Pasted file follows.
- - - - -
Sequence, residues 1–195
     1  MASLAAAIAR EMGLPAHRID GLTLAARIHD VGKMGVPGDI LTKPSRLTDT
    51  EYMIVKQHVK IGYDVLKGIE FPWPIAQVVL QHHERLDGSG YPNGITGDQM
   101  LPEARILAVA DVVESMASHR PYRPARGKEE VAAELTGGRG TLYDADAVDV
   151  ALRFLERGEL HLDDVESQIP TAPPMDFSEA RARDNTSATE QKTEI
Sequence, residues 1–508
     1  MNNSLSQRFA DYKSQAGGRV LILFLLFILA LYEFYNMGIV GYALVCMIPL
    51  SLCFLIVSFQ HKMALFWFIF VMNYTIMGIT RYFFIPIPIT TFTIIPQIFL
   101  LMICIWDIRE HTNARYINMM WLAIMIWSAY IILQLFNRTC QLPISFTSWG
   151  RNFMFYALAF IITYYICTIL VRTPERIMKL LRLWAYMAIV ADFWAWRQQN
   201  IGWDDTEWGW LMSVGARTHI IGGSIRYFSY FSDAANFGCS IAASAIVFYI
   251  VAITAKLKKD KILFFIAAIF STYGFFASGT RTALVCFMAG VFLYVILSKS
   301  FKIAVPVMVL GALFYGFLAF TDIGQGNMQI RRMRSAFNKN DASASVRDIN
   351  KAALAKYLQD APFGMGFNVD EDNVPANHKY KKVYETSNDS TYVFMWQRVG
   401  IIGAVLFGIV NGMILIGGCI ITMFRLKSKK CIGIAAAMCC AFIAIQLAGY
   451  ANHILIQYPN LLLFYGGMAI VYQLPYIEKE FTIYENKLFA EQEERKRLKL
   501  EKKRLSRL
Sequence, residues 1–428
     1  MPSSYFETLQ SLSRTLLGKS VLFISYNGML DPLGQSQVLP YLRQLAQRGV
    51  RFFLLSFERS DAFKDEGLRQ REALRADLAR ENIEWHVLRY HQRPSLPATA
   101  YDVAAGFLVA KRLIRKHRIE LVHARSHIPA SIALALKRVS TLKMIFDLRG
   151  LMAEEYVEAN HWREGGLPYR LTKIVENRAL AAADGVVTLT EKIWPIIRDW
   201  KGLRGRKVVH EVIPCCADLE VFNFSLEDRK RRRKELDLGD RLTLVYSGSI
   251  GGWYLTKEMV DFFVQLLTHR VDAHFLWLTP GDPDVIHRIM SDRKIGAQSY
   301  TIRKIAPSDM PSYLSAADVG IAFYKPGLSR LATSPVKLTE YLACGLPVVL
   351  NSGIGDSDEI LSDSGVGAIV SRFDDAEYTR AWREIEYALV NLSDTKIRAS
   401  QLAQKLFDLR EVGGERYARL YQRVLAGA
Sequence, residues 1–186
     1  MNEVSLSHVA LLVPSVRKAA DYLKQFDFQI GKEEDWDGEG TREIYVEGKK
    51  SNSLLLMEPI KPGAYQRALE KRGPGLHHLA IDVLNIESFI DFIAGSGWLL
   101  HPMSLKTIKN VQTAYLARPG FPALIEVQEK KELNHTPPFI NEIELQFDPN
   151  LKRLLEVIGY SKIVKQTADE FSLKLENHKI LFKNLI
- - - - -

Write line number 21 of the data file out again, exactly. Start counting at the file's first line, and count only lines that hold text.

   101  YDVAAGFLVA KRLIRKHRIE LVHARSHIPA SIALALKRVS TLKMIFDLRG